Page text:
Day 22
10 mangroves planted to protect and restore coastline in Tanzania


Protecting fishers, farmers and the coastline of Pemba

Mangrove trees, with their ability to grow in marshy coastal waters, are quite literally the roots of the ocean. Three-quarters of all tropical fish species are born in these nutrient rich habitats, which also shelter coral reefs (Living Oceans Foundation, 2016). Mighty mangroves are one of our best defenses against climate change. Their dense roots protect and restore the shore, preventing erosion and flooding and defending against coastal storms. Mangrove forests sequester up to 10 times more carbon per hectare than terrestrial forests, and may hold up to 22 billion tons of carbon in their soils - that's over two years of global emissions (Project Drawdown, 2017)! We are losing these mighty forests rapidly, with over 50% loss in some regions since 1970 (Friess et al, 2019). For Zanzibar's coastal communities, mangroves are life giving. They support incomes and put food on the table. That is why the people of Pemba are rallying together to restore their mangrove forests.


Coastline protection for community members in Mtangani, Pemba, Zanzibar.


A local co-operative plants 100,000 mangrove seedlings along the coastline in Pemba.

Countable effort

Establishment of mangrove forests along the coast of Pemba.


Protection from erosion and flooding, restoration of coastal fish ecosystems, a line of defense against coastal storms, and job creation in planting.

Systemic effect

Increased sustainability of coastal livelihoods.


As sea waters rise and coastal storms become more frequent and severe, the Tanzanian islands of Zanzibar are already experiencing climate change in very real ways. People's lives in coastal communities are intricately linked with coastal ecosystems. Whether it is the majestic beauty of white sand beaches and rich marine reefs that attract tourists, coastal waters that support fishing, or coastal marine forests that protect the land - when the coast is threatened, so too are the livelihoods of Zanzibari families (UN News, 2014). Rising sea water temperatures are reducing fish populations, a staple for local diets, and threatening important fish nurseries for the Indian Ocean. Rising sea levels are causing flooding, with salt water threatening the health of soil used for farming, especially rice fields. Without healthy coastal forests, homes and buildings are threatened by extreme tropical coastal storms with high winds and rainfall. By the end of the 21st century, scientists project the waters surrounding Zanzibar will rise by more than 1 meter (Global Climate Adaptation Partnership, 2012). The time for protecting coastlines is now. It's time for some mighty mangroves!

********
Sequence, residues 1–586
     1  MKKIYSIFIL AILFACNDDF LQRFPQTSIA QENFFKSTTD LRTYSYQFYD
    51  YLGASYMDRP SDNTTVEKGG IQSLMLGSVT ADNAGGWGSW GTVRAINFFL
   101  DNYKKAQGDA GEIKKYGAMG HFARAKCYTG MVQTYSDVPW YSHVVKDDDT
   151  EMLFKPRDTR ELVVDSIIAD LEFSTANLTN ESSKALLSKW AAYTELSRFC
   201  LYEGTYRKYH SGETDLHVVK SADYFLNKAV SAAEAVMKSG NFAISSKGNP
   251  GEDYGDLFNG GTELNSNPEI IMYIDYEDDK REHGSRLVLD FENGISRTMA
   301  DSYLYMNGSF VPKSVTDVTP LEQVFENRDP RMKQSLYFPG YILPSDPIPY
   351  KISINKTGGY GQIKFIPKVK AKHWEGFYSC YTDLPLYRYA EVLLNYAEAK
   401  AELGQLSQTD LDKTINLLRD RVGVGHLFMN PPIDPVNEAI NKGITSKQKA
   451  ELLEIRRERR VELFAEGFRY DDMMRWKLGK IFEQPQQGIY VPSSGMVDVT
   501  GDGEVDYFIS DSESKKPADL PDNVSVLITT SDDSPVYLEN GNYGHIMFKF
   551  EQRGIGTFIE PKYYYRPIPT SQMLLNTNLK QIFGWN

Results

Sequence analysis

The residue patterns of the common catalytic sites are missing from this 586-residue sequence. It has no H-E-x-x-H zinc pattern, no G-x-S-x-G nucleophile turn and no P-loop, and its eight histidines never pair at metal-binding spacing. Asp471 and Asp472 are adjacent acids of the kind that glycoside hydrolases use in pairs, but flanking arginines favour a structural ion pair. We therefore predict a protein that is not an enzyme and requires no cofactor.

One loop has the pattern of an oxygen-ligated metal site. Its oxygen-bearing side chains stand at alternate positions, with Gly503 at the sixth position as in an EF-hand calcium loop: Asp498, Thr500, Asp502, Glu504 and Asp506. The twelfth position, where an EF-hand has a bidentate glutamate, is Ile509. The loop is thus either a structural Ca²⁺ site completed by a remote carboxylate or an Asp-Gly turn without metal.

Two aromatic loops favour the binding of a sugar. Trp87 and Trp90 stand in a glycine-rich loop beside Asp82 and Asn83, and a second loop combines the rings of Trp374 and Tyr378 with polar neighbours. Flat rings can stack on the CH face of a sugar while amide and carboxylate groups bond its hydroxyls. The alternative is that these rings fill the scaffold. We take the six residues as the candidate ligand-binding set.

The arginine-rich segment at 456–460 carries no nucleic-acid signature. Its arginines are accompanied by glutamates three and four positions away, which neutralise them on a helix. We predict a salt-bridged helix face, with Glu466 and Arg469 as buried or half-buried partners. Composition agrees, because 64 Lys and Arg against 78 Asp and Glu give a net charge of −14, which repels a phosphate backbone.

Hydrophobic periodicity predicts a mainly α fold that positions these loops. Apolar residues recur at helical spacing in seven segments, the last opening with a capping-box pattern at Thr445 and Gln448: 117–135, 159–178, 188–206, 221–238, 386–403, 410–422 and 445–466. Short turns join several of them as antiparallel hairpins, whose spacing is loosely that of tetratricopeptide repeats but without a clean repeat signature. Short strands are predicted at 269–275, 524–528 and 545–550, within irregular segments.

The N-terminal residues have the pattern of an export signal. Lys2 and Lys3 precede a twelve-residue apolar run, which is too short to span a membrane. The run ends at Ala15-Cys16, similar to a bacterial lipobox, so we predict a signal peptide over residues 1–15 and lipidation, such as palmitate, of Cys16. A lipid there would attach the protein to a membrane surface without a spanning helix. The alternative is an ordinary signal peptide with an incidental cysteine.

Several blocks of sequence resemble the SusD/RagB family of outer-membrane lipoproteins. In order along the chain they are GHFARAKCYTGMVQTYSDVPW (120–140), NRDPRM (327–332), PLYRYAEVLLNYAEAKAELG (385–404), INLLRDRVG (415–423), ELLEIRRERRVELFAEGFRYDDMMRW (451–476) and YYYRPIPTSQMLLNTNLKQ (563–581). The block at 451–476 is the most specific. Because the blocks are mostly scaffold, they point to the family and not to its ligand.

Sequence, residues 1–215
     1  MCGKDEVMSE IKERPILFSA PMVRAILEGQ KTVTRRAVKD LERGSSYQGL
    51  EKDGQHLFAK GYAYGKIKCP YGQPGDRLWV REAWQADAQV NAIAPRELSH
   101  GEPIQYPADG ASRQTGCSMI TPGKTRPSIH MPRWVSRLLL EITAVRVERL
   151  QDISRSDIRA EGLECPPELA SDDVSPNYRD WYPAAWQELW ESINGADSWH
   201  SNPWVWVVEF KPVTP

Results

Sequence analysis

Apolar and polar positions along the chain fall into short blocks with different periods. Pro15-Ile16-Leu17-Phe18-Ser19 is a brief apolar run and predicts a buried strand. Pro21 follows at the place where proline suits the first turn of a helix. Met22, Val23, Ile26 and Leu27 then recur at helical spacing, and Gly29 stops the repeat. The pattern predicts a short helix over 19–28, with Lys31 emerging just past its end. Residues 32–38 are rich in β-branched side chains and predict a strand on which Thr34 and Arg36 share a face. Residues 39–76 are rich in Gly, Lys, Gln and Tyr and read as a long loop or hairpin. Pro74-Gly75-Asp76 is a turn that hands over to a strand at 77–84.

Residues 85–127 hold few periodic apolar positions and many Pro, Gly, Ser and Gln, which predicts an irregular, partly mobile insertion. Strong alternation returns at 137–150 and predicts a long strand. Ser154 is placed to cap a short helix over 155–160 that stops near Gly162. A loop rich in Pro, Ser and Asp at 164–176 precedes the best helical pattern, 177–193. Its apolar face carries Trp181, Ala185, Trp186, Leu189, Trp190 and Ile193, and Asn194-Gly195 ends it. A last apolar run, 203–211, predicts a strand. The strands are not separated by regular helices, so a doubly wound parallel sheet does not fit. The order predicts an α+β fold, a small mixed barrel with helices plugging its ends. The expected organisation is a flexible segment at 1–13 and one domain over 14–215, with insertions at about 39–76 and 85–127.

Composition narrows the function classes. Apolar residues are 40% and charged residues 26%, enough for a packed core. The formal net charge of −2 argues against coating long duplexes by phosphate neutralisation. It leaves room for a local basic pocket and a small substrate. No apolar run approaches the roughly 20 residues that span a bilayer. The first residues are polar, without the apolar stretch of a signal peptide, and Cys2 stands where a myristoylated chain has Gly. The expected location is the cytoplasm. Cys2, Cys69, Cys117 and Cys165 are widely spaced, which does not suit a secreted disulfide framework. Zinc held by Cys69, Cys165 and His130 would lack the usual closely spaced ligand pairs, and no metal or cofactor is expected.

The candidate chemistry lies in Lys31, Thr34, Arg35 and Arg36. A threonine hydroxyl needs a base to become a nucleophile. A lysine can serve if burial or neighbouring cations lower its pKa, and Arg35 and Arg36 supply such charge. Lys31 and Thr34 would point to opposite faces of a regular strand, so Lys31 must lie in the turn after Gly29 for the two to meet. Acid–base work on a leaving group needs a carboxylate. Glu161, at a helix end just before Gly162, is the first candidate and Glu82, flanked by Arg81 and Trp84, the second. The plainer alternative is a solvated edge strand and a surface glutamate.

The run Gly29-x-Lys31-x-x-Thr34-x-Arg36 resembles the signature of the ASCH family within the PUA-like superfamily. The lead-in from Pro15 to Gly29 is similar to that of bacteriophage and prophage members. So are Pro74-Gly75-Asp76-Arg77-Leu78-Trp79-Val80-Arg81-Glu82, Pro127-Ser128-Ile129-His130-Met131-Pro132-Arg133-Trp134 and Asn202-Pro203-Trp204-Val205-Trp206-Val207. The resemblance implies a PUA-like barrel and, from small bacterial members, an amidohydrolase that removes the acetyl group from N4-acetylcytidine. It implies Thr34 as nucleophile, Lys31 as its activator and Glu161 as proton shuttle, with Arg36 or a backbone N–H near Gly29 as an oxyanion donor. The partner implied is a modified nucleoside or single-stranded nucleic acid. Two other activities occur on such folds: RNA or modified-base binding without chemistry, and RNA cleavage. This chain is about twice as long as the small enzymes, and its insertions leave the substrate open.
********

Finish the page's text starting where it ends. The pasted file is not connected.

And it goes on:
The good deed

Through this good deed, we will plant more than 100,000 mighty mangroves along the coastlines in the coastal community of Mtangani, Pemba, Zanzibar. This is an important intervention to enable the community to adapt to their changing climate, addressing the negative impact climate change is having on incomes through tourism, fishing and farming as mighty mangroves work to prevent coastline erosion and flooding, and provide a nutrient rich habitat for tropical fish. Mangroves also sequester large amounts of carbon, helping to mitigate against climate change for us all. The most vulnerable community members also benefit from additional income earned through work planting the mangroves, while all community members benefit from the stabilizing impact of the mangroves and from education on climate change and the need to act now to protect their coastal life.


Zanzibar City


Per Capita GDP
1,076.47 US$

Rank 163 (2019)

Zanzibar is an archipelago of islands located off mainland Tanzania, famous for spice farming. As a semi-autonomous region of Tanzania, the majority of people speak Swahili and practice Islam.